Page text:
April 15, 2020

The story of Boris Johnson’s coronavirus ordeal will surely become a moment of national memory, one of those legends that echoes down the years and comes to stand for much more than itself.

Mr Johnson will not be unhappy with that. He’s very interested in the “great man” theory of history — that way of understanding the world that attributes grand events and trends to the actions of a few heroic individuals. He loves the classics with their heaven-born heroes smiting each other hip and thigh in defiance of gods and fate. His hero is Pericles, the “first citizen of Athens”. He chose politics over journalism “because no one puts up statues of journalists”. He wrote a biography of Winston Churchill, the best-known great man of British imagination: he won the war, didn’t he?

Provided he isn’t seen to have screwed up dramatically over the crisis once he’s recovered, it’s quite easy to see how the story of the prime minister who led the response to a deadly disease and nearly died from it himself will weave its way into the British imagination.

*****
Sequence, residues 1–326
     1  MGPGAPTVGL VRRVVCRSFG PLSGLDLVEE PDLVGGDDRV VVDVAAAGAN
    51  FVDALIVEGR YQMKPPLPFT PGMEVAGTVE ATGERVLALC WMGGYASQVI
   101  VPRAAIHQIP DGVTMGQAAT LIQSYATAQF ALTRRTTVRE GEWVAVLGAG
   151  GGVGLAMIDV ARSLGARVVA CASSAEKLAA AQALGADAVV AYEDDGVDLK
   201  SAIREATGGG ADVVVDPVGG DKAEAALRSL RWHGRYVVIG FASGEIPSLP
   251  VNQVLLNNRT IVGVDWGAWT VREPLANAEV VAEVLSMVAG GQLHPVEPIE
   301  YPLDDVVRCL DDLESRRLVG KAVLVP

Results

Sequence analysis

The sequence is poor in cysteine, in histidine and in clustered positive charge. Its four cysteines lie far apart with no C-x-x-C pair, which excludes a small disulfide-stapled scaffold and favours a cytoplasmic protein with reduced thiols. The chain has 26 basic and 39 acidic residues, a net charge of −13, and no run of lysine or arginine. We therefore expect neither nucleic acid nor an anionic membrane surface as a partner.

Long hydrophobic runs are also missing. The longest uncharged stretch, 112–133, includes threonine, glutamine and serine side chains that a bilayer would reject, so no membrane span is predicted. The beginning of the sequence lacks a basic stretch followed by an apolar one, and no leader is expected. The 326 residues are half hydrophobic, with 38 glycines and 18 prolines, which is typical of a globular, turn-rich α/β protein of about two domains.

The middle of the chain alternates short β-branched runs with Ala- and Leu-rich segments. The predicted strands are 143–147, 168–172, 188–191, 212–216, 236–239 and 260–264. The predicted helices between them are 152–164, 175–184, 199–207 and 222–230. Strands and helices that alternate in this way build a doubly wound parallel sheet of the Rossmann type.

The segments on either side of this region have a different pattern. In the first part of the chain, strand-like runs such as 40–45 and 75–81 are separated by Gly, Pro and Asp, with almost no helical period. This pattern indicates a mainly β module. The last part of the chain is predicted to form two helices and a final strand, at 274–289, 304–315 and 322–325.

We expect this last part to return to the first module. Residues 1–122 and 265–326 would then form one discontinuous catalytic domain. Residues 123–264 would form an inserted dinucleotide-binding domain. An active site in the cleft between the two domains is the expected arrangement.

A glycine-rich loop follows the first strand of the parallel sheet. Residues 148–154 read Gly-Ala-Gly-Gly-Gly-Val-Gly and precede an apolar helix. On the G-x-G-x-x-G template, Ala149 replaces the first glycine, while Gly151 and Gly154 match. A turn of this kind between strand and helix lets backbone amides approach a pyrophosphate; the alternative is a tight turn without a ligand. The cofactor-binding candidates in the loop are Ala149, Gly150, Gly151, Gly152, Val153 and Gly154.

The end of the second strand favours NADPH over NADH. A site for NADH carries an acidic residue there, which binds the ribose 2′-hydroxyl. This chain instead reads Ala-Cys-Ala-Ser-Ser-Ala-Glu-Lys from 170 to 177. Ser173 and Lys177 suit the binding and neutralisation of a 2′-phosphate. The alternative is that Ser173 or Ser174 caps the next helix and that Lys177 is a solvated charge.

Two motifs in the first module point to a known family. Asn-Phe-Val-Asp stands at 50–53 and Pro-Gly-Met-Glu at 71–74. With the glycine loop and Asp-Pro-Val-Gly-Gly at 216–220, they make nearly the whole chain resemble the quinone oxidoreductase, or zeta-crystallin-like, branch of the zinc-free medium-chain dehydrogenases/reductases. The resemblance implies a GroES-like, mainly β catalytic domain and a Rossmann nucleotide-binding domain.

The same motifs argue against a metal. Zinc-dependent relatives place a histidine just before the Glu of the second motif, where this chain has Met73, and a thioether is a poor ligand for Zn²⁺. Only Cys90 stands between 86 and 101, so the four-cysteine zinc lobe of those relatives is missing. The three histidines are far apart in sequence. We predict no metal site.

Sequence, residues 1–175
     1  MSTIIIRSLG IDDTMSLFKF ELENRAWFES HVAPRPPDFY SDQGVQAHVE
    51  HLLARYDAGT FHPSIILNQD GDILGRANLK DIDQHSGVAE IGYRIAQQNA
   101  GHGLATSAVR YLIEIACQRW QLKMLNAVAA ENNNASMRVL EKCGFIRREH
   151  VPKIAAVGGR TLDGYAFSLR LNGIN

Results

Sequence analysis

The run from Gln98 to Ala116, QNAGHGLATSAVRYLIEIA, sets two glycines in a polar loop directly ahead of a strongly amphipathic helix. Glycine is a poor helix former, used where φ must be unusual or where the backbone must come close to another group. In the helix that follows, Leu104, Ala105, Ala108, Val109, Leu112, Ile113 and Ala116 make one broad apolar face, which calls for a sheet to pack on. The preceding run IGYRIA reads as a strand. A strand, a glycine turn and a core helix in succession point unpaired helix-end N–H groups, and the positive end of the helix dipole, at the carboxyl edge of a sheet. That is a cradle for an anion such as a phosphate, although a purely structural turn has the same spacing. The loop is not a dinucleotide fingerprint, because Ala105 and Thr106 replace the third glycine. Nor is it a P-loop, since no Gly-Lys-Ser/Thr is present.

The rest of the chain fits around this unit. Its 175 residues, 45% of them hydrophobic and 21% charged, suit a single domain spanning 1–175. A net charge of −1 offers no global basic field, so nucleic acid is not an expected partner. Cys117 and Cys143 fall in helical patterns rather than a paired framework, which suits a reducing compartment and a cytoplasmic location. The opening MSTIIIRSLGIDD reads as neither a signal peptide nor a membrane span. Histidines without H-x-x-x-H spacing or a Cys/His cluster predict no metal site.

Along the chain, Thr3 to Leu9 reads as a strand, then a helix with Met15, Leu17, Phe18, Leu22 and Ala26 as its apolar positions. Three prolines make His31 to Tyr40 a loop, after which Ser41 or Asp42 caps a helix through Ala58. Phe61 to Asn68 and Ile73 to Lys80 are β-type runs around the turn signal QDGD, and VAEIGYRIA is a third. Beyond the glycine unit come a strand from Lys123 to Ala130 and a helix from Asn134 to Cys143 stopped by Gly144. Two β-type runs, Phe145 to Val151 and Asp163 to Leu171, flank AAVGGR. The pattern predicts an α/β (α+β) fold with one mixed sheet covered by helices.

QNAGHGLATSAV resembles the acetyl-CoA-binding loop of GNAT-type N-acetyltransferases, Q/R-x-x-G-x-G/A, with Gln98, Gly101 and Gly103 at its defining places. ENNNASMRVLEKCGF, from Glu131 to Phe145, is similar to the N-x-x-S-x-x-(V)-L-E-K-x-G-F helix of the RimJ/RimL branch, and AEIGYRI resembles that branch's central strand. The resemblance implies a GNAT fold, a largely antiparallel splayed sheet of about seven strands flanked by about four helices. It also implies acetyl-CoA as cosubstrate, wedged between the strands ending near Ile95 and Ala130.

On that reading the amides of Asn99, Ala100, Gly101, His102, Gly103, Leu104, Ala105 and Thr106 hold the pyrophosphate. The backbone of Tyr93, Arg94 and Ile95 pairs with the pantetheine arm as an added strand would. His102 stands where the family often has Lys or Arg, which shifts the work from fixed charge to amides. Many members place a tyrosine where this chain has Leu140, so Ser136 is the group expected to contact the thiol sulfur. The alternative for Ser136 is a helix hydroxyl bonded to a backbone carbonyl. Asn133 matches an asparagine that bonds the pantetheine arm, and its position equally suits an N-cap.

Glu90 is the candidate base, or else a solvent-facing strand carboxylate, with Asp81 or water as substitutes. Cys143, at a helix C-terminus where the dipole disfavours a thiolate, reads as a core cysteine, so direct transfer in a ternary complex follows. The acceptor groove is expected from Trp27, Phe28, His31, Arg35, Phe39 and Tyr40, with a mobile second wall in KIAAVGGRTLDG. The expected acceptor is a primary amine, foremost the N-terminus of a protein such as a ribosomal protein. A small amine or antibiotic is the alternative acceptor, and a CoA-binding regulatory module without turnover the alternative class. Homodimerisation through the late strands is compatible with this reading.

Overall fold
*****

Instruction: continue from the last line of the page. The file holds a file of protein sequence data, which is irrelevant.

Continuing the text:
But the tale of Boris and the Virus can be told in two different ways. The way Conservatives, in particular, remember it will help decide whether the story unites or divides.

It all flows from a very basic question: why did Boris survive? How people answer that question will say a lot about politics and determine how Britain changes — or does not change — when we finally put coronavirus behind us.

Some will describe a battle of personal heroism, of grit and determination. Even when the PM was in the ICU and his fate was, frankly, uncertain, many people were talking of his toughness, his vigour, how his strong character and boundless appetite for life would equip him to “fight” the virus and win.